How good and how pleasant it is when kindred live together in harmony.
That’s the simple message of this psalm. Like most of the psalms of ascent, it’s short and sweet. Right now, however, Psalm 133 seems particularly resonant — an urgent, almost strident message for our times.
Some unusual but enticing images adorn the short song. In the second verse:
It is like the precious oil on the head, running down upon the beard, on the beard of Aaron
Familial unity is like a traditional sign of blessing, an anointing of people in need or seeking relief. The pristine state of the high priest’s fine robes are quite unimportant against the value of a holy blessing.
Then in the third and final verse, we read of the dew of Hermon flowing down upon the hills of Zion. Familial harmony is now likened to a blessing spreading gently down from the snowy heights to envelop villages and streets, everyday dwellings in the foothills. In the original historical setting, this reference to Hermon in the northern kingdom (now on the Lebanon-Syria border) and Zion, the mount of Jerusalem in the southern kingdom, suggest that this was a prayer for national as well as societal or family unity.
The scene gets more complex if, like Jesus, you raise the question of who is kin, who is your brother or sister? (Matthew 12:49-50) Thus opening the frame and perspective more widely immediately throws racism and such discriminatory human instincts into the limelight.
However we define the tribe and non-discrimination, we have a long way to go in establishing habits of equity, as called for in the Psalter. Similarly, bringing Hermon and Zion together and uniting Israel’s northern and southern kingdoms, revolutionary as it may have seemed at the time, was only one small step. The world needs needs a huge leap. Today, rising nationalism and exceptionalism are not only a danger to peace but contrary to the moral standards of respect indicated in the psalms. Taken together, the psalms suggest that it is only in seeking the rule of divine principles, love and justice that we start to see others in a clear light — and act accordingly.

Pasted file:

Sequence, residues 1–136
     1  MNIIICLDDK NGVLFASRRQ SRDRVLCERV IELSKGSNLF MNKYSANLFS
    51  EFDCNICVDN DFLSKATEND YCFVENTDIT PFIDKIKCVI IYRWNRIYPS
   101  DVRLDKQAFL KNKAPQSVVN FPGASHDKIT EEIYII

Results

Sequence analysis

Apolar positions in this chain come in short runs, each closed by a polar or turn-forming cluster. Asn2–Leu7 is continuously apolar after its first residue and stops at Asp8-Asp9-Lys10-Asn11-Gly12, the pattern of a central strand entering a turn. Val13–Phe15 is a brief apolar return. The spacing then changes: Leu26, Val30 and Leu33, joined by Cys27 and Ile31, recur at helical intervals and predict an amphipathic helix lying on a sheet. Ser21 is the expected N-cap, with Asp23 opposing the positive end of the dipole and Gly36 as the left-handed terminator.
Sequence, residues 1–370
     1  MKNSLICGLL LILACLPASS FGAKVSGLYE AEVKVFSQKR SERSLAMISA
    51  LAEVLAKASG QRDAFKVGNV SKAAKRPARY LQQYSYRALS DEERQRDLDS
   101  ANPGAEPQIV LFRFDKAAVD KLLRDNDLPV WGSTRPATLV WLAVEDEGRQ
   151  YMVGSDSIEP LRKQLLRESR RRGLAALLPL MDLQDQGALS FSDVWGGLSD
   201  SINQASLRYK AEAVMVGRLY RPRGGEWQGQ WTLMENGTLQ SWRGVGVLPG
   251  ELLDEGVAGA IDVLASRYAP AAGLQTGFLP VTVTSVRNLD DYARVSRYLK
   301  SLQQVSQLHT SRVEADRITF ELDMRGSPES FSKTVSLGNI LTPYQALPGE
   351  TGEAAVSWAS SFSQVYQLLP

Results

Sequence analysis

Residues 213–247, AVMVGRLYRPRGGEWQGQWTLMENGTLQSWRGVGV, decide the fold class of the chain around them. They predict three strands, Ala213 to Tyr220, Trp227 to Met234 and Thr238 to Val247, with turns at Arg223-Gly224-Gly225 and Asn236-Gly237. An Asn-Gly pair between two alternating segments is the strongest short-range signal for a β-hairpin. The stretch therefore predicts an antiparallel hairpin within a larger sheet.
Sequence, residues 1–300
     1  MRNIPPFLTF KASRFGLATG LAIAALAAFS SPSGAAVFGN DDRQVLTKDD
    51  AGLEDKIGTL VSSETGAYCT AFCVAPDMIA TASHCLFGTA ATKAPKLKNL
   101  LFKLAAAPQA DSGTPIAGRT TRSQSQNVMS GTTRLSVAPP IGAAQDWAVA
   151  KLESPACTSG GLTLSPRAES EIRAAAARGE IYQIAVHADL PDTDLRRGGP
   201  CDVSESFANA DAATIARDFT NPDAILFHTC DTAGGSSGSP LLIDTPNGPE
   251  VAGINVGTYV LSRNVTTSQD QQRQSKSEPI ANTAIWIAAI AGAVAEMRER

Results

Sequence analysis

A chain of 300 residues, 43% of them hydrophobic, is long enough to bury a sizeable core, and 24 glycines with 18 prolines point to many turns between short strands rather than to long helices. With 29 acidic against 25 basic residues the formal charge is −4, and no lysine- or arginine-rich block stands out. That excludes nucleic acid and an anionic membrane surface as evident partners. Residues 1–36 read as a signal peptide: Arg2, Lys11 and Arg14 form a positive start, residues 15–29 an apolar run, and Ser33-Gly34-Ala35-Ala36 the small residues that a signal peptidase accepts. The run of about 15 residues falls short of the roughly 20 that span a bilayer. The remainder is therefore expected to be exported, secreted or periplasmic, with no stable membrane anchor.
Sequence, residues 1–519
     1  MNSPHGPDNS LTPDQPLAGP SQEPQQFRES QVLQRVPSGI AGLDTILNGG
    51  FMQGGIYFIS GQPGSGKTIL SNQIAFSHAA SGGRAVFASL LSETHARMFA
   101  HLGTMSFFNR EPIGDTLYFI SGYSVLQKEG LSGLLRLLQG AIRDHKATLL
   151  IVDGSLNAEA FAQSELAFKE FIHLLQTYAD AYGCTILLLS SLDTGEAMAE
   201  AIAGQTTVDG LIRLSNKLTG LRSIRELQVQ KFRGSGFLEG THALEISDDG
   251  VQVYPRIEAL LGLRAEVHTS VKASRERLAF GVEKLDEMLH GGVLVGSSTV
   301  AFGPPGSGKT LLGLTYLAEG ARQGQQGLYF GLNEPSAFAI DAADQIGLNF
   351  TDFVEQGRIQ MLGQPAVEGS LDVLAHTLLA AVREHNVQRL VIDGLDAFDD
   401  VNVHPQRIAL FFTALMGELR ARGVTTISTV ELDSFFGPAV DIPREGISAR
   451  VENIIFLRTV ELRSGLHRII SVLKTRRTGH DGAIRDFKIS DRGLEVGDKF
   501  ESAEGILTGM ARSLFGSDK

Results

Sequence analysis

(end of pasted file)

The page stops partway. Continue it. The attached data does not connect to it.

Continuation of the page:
A beautiful old Anglo-Saxon manuscript in the British Library from the 8th Century, shown above, records the psalms in Latin in an insular uncial script (capitals) in common use around 700 CE. Easily seen, the initial capital begins the word Ecce, ‘Behold’. The text line in dark red gives the psalm number (132 in the Vulgate system) and the descriptor ‘Song of ascents’ (canticum graduum). This text then follows:
Behold, how good and joyful a thing it is, brethren, to dwell together in unity. (V.1, BCP)
The British Library description goes on to reveal in matter-of-fact tone some quite impressive information:
The text is the earliest surviving example of St Jerome’s first translation of the Psalms (the Roman version), first written c. 384. It was copied during the second quarter of the 8th century.
A close examination reveals some smaller writing in a brown ink between the lines. BL continues:
An Old English gloss was added around the second quarter of the 9th century by the Royal Bible Master Scribe, whose hand appears in other manuscripts owned by or made at St Augustine’s Abbey, Canterbury. This gloss is the oldest extant translation into English of any biblical text.
This manuscript reaches right back to earliest steps on the path taken by the psalms in reaching out to readers and singers across the world. What paths did the psalms trace in finding their way into hundreds of other languages and cultures? The universality and relevance of the psalms to life experience encourages us to search widely into other cultures, sampling how they have responded musically.
In the days of assembled worship we enjoyed the Spanish setting in Psalms For All Seasons 133D:
¡Miren qué bueno, qué bueno es! / Oh, look in wonder how good it is!
As expected, the mix of styles found online for Psalm 133 range from early chant (see below), William Byrd’s Ecce quam bonum, to Samuel Wesley’s Behold how good it is and more modern songs. Some of them present just verse 1. (Together in Song skips Psalm 132 to 135 altogether.)
Somewhat less exuberant than the Spanish rhythms is the following recording of Gregorian chant: